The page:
Untangling New York's Super-Confusing Rent Regulations
It’s complicated, so let the experts tell you
on November 16, 2017
Updated on April 21, 2022
If you’re confused by rent regulation laws, you’re in good company.
“Not for the novice or faint of heart,” says real estate attorney Lucas Ferrara of Newman Ferrara, who is also an adjunct professor at New York Law School and the author of a 2,000-page book on landlord-tenant law.
“New York’s rent regulation laws have been called ‘an impenetrable thicket, confusing not only to laymen but to lawyers’ by no less an authority than New York’s highest court,” says litigation partner Dani Schwartz of real estate law firm Rosenberg & Estis.
So let’s try to cut through the thicket.
Rent control vs. Rent stablization
Many people assume “rent control” and “rent stabilization” are the same. They’re not.
Rent control is the older of the two, and has origins in the world wars, when resources for housing construction were scarce and rental prices shot up. To avoid mass displacement, the state passed regulations covering apartments in buildings constructed before 1947. Now, of course, that applies to only about 1 percent of NYC apartments.
Rent stabilization is more recent. In 1969, the city was in decline, and deterioration of housing stock had outstripped construction. Plummeting vacancy rates emboldened landlords and gave them the time to raise rents by as much as 40 percent, so regulations were deemed necessary.
Generally, rental buildings built before 1974 with at least six units are rent stabilized; there are still about 1 million rent-stabilized apartments in New York City. They tend to be far less expensive than market-rate apartments, so they’re highly sought after. Once in, people tend to stay put.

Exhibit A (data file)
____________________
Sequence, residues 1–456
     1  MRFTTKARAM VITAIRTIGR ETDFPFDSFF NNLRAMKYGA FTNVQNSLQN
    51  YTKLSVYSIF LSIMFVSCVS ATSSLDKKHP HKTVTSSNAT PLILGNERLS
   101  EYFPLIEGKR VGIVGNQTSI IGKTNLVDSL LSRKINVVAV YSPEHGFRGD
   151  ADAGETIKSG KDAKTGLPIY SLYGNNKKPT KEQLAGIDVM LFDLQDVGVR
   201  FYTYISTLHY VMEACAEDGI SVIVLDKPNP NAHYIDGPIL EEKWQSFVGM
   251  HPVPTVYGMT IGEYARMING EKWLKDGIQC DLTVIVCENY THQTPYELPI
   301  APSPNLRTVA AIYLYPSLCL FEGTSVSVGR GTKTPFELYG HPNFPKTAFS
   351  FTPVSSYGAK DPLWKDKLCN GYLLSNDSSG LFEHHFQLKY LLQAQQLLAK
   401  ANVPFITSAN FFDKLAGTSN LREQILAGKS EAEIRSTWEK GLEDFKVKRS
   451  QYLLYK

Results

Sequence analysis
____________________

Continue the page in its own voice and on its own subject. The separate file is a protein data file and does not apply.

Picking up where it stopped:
But for the tenacious and/or lucky, it’s possible to land one.
Landlords vs. tenants
In rent-stabilized leases, renewals are guaranteed, and rent can be increased only by a percentage determined every June by the New York City Rent Guidelines Board. Rent increases for one-year leases have ranged from 11 percent in 1980 to 0 percent in 2015, when they were frozen for the first time.
Every year, the amount of the increase and other provisions in the law are fiercely fought over.
Of course, power struggles between landlords and renters aren’t limited to that once-a-year duel. If landlords catch tenants flouting the law, or their lease, they may be able to bring an eviction action against them. Tenants paying below-market rents make tempting targets. “You will have people on both sides of the aisle trying to game the system,” says Ferrara.
“Subletting is a massive issue at the moment,” says Dov Treiman, chair of Adam Leitman Bailey’s landlord-tenant civil litigation practice. Doing so with the landlord’s approval is legal, though tenants are not allowed to charge more than their rent unless they sublet the apartment fully furnished. But, says Treiman, “it is so terrifically profitable to sublet that tenants are highly incentivized to profiteer.”
The Airbnb issue
This is particularly true in recent years thanks to Airbnb and other online lodging-rental websites.
In direct response to Airbnb’s massive growth in New York City—and pressure from the city’s hotel industry—New York state passed the Illegal Hotel Law in 2010 to outlaw short-term rentals of less than 30 days. The law, which took effect on May 1, 2011, allows short-term paying guests if the tenants are present—but their leases may not. In Ferrara’s words, “Airbnb is a legal minefield for tenants.”
So how can tenants know if their Airbnb hosting is legal or not?
It’s complicated. “The case law is still developing,” says Schwartz. “Some courts have considered this kind of opportunism as a violation of New York’s Multiple Dwelling Law, applicable rent stabilization regulations and fire safety laws as well.”
It’s less complicated for the New York state attorney general’s office, which issued a report in October 2014 flatly stating, “Most private short-term rentals booked in New York City violated the law.”